Early hype for The Simpsons Game promised it would be a clever, Simpsons-style satire-from-within about the game industry. Instead, it's blunt, dumb, ridiculous, and almost never funny. Never mind that this action platformer is buggy, dull, and handles like wet cardboard, or that the faces look like they were drawn on an Etch-A-Sketch. A weak game could pass, if only it had some good laughs.
On television, The Simpsons appeals to all ages: 2-year-olds can dig the slapstick while their great-grandparents catch jokes about the Hoover era. Yet The Simpsons Game aims for the preteens, with aliens probing anuses, stock character dialogue (Lisa "likes homework"), and tired pop-culture references, like a movie marquee announcing Siskel And Ebert: The Movie. (Who'd play Siskel?) The characters admit the story makes no sense, which doesn't give it a pass, and the running gag about "videogame clichés" doesn't excuse designers for leaning hard on every one of them. It's hard to laugh your way through a disaster if your jokes aren't funny, and when even Ralph Wiggum can't get a good line, you know they should have killed this turkey at beta.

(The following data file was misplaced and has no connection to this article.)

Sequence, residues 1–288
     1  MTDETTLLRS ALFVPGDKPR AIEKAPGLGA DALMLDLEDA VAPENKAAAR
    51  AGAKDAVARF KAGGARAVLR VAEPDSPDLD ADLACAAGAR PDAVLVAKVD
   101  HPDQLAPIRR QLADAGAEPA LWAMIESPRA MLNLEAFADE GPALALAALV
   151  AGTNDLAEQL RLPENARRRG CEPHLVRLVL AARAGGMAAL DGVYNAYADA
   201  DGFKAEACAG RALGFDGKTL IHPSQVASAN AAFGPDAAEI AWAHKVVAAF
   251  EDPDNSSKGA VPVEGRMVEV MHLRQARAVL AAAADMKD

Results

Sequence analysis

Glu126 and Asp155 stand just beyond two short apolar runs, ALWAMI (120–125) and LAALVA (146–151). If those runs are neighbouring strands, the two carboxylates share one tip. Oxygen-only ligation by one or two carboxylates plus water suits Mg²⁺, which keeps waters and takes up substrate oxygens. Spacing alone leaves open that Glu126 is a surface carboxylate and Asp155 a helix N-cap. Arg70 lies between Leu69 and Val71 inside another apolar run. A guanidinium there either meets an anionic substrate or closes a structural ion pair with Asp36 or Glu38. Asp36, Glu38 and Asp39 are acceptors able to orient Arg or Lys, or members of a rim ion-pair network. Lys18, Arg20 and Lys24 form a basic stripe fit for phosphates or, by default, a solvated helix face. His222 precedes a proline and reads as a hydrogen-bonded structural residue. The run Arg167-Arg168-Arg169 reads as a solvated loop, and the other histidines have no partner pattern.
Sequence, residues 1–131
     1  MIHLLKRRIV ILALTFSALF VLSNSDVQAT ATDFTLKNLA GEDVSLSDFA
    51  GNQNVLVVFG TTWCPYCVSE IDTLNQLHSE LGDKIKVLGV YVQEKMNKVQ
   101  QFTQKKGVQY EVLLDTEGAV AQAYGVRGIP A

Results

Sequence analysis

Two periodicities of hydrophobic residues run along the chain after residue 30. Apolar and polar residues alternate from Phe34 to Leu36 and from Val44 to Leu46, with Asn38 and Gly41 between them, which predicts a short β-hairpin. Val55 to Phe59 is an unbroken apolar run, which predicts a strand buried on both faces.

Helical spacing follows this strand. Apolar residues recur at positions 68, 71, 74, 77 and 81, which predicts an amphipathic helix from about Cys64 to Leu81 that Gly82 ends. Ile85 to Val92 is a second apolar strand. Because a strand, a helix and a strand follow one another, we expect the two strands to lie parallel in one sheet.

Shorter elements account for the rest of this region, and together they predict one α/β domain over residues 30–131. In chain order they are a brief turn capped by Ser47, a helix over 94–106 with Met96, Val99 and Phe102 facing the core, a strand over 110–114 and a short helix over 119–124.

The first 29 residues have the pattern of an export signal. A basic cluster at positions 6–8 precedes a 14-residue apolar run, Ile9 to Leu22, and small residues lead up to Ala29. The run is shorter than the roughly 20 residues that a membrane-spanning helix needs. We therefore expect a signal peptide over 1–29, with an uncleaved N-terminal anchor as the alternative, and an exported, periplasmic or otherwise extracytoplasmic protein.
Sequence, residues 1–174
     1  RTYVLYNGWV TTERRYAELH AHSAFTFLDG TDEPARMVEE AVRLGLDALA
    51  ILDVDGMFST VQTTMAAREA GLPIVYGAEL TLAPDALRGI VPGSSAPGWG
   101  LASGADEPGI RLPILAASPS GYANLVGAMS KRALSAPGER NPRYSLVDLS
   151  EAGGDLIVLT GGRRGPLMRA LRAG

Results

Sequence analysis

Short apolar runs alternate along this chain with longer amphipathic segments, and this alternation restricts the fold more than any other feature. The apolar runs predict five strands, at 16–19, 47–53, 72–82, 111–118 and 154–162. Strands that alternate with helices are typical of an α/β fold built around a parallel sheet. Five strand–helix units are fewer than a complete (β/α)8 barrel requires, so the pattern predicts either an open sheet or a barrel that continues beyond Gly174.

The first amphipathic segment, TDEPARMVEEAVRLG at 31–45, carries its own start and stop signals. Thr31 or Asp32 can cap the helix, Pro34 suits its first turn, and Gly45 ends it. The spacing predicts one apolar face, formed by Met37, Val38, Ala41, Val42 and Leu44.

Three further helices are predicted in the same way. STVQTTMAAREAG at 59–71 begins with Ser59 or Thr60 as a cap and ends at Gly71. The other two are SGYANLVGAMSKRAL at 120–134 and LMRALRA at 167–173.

Beyond the game: The game takes endless potshots at its developer, Electronic Arts. It's a good premise: EA, like Simpsons broadcaster Fox, is a bloated trough of pop dreck. But the satire only runs as deep as making fun of the marketing department, and it paves the way to extensive product placement.
Worth playing for: Rare flashes of in-game satire. For example, the Xbox 360 achievements give you five points just for hitting "Start," and a zero-point award if you die 10 times.
Frustration sets in when: The co-op mode encourages players to work together by keying the puzzles to their separate powers. But this gets annoying for single players, who have to keep switching characters to clear arbitrary hurdles.
Final judgment: Bart endlessly disses the industry for making crappy games, yet he never apologizes for this one.